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Diflorasone Diacetate and Breastfeeding

Because there are unknown risks with using diflorasone diacetate while breastfeeding, women should talk to their healthcare provider before using this medicine when nursing a child. No research has been done to determine whether it passes through breast milk. Although it is not expected that large amounts of this medicine would pass through, all of the potential complications cannot yet be ruled out.

Can Breastfeeding Women Use Diflorasone Diacetate?

Diflorasone diacetate is a skin medication used to treat a variety of different skin conditions, such as psoriasis and atopic dermatitis. At this time, it is unknown if this product passes through breast milk in humans. Therefore, if you are breastfeeding a child, you should talk with your healthcare provider before using diflorasone diacetate.
 

More Information on Diflorasone Diacetate and Breastfeeding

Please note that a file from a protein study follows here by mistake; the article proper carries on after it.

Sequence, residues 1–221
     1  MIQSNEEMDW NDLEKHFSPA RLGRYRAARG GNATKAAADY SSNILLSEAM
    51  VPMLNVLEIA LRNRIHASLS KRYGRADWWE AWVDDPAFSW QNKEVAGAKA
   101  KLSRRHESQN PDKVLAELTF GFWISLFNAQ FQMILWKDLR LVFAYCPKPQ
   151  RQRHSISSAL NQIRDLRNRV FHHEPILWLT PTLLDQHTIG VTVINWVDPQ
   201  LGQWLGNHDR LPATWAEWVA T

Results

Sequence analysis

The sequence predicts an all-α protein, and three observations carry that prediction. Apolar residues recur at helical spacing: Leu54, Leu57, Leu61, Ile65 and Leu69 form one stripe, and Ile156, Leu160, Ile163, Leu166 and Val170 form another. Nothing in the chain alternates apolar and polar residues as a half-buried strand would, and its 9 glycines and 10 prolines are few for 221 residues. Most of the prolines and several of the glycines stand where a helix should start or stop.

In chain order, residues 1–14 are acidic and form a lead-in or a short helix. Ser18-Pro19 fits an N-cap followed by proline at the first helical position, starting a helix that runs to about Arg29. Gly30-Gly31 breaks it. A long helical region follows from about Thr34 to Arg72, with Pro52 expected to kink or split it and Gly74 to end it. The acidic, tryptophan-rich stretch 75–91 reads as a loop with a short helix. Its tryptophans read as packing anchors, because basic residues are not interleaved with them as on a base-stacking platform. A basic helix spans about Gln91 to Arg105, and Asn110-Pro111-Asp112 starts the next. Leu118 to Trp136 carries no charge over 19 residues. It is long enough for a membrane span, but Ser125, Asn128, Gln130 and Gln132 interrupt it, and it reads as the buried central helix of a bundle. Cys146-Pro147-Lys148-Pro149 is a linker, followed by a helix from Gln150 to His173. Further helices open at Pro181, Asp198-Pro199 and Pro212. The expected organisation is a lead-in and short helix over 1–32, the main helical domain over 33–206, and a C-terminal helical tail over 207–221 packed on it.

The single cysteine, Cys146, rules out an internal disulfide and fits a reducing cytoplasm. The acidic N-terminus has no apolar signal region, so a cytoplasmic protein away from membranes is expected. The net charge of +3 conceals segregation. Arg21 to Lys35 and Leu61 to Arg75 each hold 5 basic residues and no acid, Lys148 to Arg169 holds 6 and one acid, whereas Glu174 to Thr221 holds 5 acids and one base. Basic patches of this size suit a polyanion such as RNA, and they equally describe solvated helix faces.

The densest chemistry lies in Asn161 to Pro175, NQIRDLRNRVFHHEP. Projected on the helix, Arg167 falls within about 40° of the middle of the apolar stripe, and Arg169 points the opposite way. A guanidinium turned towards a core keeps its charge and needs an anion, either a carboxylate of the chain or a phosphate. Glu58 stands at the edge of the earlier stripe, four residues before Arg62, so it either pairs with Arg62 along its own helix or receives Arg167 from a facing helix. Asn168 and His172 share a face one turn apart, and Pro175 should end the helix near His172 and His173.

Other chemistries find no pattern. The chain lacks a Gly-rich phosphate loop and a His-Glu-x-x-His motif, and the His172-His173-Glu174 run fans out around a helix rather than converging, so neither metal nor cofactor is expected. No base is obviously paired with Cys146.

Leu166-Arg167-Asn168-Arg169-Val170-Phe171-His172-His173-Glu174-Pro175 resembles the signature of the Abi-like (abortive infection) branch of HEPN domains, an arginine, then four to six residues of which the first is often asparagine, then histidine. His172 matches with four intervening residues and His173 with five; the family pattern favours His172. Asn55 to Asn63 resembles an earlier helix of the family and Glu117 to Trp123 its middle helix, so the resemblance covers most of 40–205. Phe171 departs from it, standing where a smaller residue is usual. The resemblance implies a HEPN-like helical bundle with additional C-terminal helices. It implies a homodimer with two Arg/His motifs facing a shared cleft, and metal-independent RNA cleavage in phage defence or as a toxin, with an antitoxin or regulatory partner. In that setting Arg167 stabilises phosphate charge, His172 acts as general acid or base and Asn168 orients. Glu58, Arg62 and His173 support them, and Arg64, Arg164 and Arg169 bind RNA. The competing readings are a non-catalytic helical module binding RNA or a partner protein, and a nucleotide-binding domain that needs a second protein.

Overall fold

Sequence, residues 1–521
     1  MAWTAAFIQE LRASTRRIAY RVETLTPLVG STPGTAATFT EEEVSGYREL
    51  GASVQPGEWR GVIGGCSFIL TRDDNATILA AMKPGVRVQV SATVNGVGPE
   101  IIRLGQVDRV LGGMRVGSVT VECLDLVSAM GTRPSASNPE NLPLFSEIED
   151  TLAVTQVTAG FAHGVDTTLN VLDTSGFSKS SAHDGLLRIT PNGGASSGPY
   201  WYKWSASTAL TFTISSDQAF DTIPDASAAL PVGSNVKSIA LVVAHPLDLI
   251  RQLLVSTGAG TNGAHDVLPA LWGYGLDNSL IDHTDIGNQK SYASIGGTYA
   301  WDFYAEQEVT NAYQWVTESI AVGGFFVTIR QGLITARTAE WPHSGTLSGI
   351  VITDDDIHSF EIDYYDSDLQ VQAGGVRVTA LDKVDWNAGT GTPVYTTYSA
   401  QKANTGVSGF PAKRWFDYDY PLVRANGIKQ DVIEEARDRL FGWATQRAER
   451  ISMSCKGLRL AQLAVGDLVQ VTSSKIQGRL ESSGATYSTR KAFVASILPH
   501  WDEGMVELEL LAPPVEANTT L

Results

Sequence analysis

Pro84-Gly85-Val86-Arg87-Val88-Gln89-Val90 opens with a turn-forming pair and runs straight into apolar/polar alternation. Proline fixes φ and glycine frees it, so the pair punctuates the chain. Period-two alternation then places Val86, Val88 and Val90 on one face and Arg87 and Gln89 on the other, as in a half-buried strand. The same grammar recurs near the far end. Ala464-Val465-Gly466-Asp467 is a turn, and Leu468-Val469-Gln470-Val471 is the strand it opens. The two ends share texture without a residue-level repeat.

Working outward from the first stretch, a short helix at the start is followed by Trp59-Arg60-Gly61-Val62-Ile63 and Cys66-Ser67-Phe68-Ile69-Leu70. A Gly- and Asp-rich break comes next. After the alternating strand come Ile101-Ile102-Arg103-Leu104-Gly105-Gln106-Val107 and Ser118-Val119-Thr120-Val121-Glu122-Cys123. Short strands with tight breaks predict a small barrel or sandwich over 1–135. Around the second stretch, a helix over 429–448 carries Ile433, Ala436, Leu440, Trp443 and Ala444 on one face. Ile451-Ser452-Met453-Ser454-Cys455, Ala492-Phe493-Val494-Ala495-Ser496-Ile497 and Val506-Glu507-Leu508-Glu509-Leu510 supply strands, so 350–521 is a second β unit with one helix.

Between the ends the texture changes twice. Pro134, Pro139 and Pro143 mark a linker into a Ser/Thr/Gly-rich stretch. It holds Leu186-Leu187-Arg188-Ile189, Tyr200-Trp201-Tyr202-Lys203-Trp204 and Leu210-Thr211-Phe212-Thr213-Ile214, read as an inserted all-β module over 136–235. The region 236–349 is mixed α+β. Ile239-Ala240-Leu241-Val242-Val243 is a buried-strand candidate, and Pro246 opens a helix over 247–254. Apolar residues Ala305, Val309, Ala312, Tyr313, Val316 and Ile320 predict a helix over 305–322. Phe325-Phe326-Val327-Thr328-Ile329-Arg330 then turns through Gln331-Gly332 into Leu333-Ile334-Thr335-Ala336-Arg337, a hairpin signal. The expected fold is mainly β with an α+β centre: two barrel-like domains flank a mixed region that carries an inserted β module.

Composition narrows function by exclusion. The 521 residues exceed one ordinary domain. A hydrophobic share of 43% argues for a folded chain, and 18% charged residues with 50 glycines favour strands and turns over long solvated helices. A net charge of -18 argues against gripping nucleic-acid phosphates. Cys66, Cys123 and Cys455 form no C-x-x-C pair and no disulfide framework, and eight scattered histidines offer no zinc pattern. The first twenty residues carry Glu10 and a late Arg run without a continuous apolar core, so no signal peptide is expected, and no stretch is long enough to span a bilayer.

No research has been done to see if diflorasone diacetate passes through breast milk. However, other similar steroids are known to pass through breast milk. Fortunately, even when steroids are taken by mouth or by injection, only very small amounts pass through breast milk. This implies that applying these steroids to the skin would probably result in very tiny amounts (if any) passing through breast milk, although this is not known for sure.
 
Direct skin-to-skin contact with areas where the medicine has been applied should be avoided to prevent exposing the baby to the medication by skin transfer. Also, avoid applying it near or on the nipple. If this is not possible, be sure to completely remove the medication before the baby nurses.
 

An Important Note

Since diflorasone diacetate usually works great for quickly relieving skin inflammation, some mothers wonder if they could use it on a stubborn diaper rash. Diflorasone diacetate is not approved for treating diaper rash, and is specifically not recommended for use in the diaper area. Young children are more likely to absorb a dangerously high amount of the medication, especially when applied to broken skin, like a diaper rash, and especially when the area is covered, as with a diaper.
 
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